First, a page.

What is Childhood Cancer? Learn About Common Types and Treatments

September 27, 2023

This article was reviewed by our Baystate Health team to ensure medical accuracy.

Kenneth E. Bujold, DO Kenneth E. Bujold, DO View Profile
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While childhood cancers are “very rare,” according to Dr. Kenneth E. Bujold III, DO, pediatric hematologist/oncologist at Baystate Children’s Hospital, he says there are three most common types of cancer typically seen in children: leukemias, lymphomas, and brain tumors.

“The three types are vastly different and mostly curable,” says Dr. Bujold. “Our care of young cancer patients is continually evolving.”

He says leukemias are more common in younger children (toddlers and young children), while lymphomas are more commonly seen in older children (teens). However, any type of childhood cancer can start at any age. Dr. Bujold cites that about 17,000 children are diagnosed with cancer across the United States each year which constitutes about 43-45 new cases per day. While that might seem like a lot, when considering the 70 million children living in the United States, it remains a rare disease.

“But it doesn’t seem rare to a parent or guardian living through it with their child, of course,” he says. “To them, it remains ever-present in their daily lives. Today though, we see an 80 percent overall survival rate. Approximately, four out of five children survive cancer. That’s good, but not nearly good enough. We want to see 100 percent.”

How is a Child Diagnosed with Cancer?

Typically, a child who is diagnosed with cancer often first visits their pediatrician or primary care provider who sends them for tests based on symptoms the child has been feeling and for how long. Pediatric oncologists, experts in childhood cancers, then become involved to help determine a diagnosis. Depending on the type of pediatric cancer suspected, different types of tests are performed. For leukemia, specialized blood work is done by checking the marrow inside the bones. A biopsy, which involves getting a small piece of the suspected tumor, is typically done for lymphomas and brain tumors. If a child is suspected of having a cancer, many will have X-rays, CT or MRI scans in addition to their blood work and biopsies.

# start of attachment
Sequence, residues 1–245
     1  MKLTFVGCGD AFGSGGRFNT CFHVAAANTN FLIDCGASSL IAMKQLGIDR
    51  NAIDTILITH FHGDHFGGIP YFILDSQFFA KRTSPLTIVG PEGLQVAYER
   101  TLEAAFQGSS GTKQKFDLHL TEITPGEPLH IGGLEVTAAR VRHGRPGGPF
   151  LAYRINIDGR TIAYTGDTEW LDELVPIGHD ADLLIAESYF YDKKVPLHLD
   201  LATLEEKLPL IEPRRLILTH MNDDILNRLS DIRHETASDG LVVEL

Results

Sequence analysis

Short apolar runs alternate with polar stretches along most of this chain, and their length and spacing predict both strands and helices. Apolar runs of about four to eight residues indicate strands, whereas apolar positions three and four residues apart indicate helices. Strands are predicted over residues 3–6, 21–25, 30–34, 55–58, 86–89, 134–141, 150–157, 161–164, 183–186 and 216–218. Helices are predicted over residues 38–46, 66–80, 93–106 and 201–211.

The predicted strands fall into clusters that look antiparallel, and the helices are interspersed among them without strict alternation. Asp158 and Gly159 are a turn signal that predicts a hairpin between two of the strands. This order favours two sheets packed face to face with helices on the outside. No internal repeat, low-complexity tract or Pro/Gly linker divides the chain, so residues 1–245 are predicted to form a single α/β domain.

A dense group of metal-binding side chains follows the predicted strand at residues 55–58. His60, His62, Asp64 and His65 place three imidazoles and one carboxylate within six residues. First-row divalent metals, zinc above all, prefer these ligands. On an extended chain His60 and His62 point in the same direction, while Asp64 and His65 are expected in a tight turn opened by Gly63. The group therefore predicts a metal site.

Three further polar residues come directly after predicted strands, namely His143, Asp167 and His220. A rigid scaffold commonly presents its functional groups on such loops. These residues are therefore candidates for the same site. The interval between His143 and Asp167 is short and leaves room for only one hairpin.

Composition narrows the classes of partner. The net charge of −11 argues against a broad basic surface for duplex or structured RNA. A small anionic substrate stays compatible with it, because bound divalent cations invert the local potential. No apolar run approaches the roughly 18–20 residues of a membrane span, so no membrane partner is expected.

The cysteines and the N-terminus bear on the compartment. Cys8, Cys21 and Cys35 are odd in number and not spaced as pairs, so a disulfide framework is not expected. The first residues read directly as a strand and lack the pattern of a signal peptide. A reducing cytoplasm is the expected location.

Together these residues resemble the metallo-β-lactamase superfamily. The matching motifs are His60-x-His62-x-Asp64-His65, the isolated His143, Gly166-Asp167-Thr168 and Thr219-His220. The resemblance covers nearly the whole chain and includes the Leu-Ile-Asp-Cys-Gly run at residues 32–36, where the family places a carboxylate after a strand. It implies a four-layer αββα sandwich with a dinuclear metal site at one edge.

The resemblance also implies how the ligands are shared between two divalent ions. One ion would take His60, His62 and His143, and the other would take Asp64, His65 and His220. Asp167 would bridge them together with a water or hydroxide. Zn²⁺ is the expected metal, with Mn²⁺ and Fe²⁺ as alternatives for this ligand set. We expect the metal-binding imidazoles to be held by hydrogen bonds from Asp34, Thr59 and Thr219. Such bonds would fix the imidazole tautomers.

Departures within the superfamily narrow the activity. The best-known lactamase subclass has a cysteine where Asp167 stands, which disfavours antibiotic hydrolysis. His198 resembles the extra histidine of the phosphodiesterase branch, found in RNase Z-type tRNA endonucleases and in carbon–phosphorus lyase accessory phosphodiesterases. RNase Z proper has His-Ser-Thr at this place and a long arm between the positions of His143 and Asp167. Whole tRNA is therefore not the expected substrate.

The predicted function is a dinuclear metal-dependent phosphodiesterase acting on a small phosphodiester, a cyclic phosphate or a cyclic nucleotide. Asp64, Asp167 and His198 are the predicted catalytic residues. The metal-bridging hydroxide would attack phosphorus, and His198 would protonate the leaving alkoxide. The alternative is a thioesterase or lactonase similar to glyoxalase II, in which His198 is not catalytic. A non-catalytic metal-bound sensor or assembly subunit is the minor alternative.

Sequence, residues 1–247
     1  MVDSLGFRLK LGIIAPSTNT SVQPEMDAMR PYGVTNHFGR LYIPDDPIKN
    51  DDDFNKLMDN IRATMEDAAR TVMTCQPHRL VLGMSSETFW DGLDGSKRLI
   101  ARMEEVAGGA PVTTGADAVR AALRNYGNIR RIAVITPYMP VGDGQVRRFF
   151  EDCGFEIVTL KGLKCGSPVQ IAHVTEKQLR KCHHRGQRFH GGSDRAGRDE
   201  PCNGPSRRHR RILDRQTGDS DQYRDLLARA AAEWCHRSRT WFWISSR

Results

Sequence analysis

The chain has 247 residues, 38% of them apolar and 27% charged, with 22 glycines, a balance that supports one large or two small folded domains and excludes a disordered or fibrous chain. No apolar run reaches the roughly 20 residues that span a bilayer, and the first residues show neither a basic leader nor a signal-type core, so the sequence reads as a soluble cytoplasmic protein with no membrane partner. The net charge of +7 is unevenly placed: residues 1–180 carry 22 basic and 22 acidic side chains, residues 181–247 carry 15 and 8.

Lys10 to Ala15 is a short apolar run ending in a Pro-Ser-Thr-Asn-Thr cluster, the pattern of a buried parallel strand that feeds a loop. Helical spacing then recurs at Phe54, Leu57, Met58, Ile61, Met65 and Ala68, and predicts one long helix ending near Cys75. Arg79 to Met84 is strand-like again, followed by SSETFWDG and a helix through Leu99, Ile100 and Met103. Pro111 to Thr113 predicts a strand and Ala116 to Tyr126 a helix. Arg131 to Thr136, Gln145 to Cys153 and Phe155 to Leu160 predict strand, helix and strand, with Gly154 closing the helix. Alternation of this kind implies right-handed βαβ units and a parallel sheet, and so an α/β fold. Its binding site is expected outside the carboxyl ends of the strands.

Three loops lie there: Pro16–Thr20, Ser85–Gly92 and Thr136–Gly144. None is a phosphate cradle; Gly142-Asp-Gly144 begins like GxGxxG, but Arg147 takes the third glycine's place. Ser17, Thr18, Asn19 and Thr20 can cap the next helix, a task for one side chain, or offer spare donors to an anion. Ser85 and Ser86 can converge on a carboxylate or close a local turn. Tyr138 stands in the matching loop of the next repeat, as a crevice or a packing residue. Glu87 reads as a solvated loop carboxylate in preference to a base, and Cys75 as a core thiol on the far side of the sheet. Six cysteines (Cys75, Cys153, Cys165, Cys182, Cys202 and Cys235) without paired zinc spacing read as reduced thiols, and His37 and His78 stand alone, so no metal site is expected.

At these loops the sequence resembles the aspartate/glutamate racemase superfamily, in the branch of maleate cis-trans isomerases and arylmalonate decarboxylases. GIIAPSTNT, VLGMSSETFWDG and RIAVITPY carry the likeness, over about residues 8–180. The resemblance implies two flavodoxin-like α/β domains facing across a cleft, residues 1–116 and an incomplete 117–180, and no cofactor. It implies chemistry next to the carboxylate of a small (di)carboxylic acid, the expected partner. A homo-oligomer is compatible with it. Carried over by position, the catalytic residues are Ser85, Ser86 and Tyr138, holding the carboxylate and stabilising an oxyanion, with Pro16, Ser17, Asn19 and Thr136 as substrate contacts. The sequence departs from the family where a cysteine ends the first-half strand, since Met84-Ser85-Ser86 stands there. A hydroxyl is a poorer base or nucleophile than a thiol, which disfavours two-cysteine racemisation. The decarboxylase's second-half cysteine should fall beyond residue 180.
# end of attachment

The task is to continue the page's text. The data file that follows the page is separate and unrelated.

Treatments for Childhood Cancer

Treatment of childhood cancer can involve multiple different methods and include chemotherapy, radiation therapy, surgery and stem cell transplant. Chemotherapy is utilized in the vast majority of cancers and often is the only treatment that is needed. However, certain diseases such as brain tumors may require all four treatments to achieve a cure.

“Every treatment is based on the individual child and their cancer,” says Dr. Bujold. “We customize treatment to focus on a particular patient’s needs. The goal is remission and cure.”

A care team works with each child and their family. As a multidisciplinary group, the team works together throughout diagnosis, treatment, and recovery. The team includes board-certified pediatric hematologists and oncologists, a certified pediatric nurse practitioner, oncology-certified registered nurses, medical assistants, child life specialists, social workers, nutritionists, pediatric surgeons, pediatric radiologists, pathologists, pediatric anesthesiologists, and intensivists, pharmacists, radiation oncologists and neuropsychologists.

A cancer diagnosis and its treatment do not exist in a vacuum. The disease can impact every member in the family.

“We work with families not only to educate them on the cancer but help them navigate through its treatment, ” he says. “Having a dedicated social worker to help families with the financial challenges and stress they are going through is essential to the complete care of the patient and family. We also work on nutrition and other things the family can do to help their child stay well.

“Our nurses and medical assistants, for instance, who specialize in this type of medicine, are with these children every day. They are making lifelong, strong bonds with the patients and families. They are always the trusted voice on the other end of the phone whenever there are questions or concerns.”

“Children with cancer are not only dealing with the disease, but are adjusting to a new way of life, they are not seeing their friends like they did, they are losing their hair. They need support and our team provides it all the way through.”